As you know, the heads of these printers are in the realm of nano-technology. Yes, you can put any grade of gasoline through many automobile engines. It's not comparable to an x900 printer. As for the service manuals, they consider those to be proprietary for reasons that should be obvious, available to certain people on a need-to-know basis and under strict NDA. They are within their rights to do that. They are also within their rights to determine user access to components - indeed, how much equipment is there on the market with a warning "there are no user-serviceable parts in this product" or some such. I'm not passing judgment on any of this, I'm simply pointing out that there is nothing unusual or untoward about it.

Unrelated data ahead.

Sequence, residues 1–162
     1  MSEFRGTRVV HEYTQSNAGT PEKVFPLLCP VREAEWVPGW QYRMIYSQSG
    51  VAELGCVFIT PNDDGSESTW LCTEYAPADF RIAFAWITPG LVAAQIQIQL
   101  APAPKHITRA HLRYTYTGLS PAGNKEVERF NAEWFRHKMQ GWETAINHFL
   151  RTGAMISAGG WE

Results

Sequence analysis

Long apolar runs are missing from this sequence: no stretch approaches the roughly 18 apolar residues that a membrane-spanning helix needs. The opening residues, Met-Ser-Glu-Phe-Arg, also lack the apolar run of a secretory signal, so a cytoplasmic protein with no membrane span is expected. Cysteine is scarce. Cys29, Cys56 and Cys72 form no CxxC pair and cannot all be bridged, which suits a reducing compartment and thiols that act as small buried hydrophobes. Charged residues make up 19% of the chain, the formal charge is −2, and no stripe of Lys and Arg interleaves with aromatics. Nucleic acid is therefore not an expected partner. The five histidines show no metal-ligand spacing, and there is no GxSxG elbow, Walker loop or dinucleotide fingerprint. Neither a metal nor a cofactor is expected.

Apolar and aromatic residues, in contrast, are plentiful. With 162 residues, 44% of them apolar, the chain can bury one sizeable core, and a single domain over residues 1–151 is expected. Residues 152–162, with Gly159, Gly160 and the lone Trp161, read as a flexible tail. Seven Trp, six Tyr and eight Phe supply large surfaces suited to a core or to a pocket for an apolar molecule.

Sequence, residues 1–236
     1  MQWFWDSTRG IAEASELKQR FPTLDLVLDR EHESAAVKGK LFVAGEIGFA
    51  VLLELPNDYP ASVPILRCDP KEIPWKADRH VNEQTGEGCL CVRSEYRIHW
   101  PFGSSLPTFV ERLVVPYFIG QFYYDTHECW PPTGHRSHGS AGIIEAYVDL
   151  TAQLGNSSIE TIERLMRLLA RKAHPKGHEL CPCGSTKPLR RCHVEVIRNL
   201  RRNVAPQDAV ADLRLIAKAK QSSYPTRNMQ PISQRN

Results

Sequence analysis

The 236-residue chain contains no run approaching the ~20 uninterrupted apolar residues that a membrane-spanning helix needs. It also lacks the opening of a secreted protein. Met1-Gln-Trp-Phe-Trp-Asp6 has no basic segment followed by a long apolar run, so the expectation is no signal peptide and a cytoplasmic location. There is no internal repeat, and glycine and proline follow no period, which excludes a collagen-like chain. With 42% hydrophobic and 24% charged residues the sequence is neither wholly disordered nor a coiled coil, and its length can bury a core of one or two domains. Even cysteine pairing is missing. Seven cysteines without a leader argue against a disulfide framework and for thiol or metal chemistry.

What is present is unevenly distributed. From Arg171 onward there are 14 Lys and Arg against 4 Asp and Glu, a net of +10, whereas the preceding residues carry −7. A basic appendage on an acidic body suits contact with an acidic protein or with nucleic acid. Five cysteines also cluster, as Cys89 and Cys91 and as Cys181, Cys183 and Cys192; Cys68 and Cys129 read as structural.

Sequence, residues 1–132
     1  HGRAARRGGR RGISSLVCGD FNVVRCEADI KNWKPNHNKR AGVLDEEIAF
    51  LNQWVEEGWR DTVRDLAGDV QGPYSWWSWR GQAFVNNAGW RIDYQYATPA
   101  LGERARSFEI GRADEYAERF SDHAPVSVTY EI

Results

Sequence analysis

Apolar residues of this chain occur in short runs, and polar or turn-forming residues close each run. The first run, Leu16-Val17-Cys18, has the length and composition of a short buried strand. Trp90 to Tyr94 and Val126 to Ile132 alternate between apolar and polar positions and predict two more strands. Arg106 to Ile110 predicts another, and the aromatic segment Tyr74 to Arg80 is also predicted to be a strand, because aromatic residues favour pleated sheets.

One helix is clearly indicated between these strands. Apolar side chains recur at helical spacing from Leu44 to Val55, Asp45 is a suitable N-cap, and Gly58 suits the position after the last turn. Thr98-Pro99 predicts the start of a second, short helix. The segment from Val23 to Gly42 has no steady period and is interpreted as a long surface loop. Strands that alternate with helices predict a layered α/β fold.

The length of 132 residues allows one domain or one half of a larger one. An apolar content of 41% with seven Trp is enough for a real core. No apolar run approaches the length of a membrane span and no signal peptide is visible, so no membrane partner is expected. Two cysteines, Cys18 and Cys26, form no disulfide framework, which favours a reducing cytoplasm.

The extended warranty is a pure unquantifiable insurance risk, because we don't know two fundamental things determining the value of the risks: (a) their various probabilites of occurrence and (b) the costs of the consequences if any of them were to occur. With the benefit of 20/20 hindsight, we know for sure that if we bought the warranty and were fortunate enough to never draw on it we spent a lot of money, and if we didn't buy it and misfortune fell upon our printers we are in for a lot of money and "shoulda" bought it. Otherwise, we are none the wiser. And it is a fact of life that for these printers, the print head is essentially the printer, so if it goes, the recovery costs are high; but the probability of it going??? No-one is saying; however, no matter how low it may be, when it happens to one of us, the probability was 100% and the cost significant. Now, as a rational evaluator of risk, let us pretend for a moment (and this is pretend) they were to give me information showing that the risk of head failure is very low, likely on the basis that only a small fraction of all those sold have ever totally failed. On that basis, given the high cost of the extended warranty I would probably decline it. And that may well have been a rational economic decision based on solid principles of risk evaluation; but then two months out of warranty my head fails. So I'm s.o.l. and it sucks. I don't know what else one can really say, unfortunate as these situations are. All we can do is try to manage the risk as best we can with the means available, and hope the basic quality is in the product to serve us well. And yes, people turn to web forums with their problems, much less so with their successes, so it is not likely the most objective source of reliable guidance on overall, "expected" (in a statistical sense) product performance.